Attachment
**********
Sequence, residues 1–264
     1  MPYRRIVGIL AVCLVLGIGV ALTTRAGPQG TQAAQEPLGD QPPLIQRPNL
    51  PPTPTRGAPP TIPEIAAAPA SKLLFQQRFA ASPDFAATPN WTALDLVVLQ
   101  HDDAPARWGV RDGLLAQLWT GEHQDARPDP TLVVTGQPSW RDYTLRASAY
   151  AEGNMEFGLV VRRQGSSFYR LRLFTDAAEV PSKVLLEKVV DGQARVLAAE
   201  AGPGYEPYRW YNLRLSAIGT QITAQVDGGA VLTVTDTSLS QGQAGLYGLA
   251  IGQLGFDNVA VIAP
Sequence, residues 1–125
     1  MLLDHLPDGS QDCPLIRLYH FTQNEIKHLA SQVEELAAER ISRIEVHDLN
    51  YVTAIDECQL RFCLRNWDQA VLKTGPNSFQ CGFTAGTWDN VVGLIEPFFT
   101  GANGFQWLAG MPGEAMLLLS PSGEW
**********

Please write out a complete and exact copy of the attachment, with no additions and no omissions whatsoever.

Sequence, residues 1–264
     1  MPYRRIVGIL AVCLVLGIGV ALTTRAGPQG TQAAQEPLGD QPPLIQRPNL
    51  PPTPTRGAPP TIPEIAAAPA SKLLFQQRFA ASPDFAATPN WTALDLVVLQ
   101  HDDAPARWGV RDGLLAQLWT GEHQDARPDP TLVVTGQPSW RDYTLRASAY
   151  AEGNMEFGLV VRRQGSSFYR LRLFTDAAEV PSKVLLEKVV DGQARVLAAE
   201  AGPGYEPYRW YNLRLSAIGT QITAQVDGGA VLTVTDTSLS QGQAGLYGLA
   251  IGQLGFDNVA VIAP
Sequence, residues 1–125
     1  MLLDHLPDGS QDCPLIRLYH FTQNEIKHLA SQVEELAAER ISRIEVHDLN
    51  YVTAIDECQL RFCLRNWDQA VLKTGPNSFQ CGFTAGTWDN VVGLIEPFFT
   101  GANGFQWLAG MPGEAMLLLS PSGEW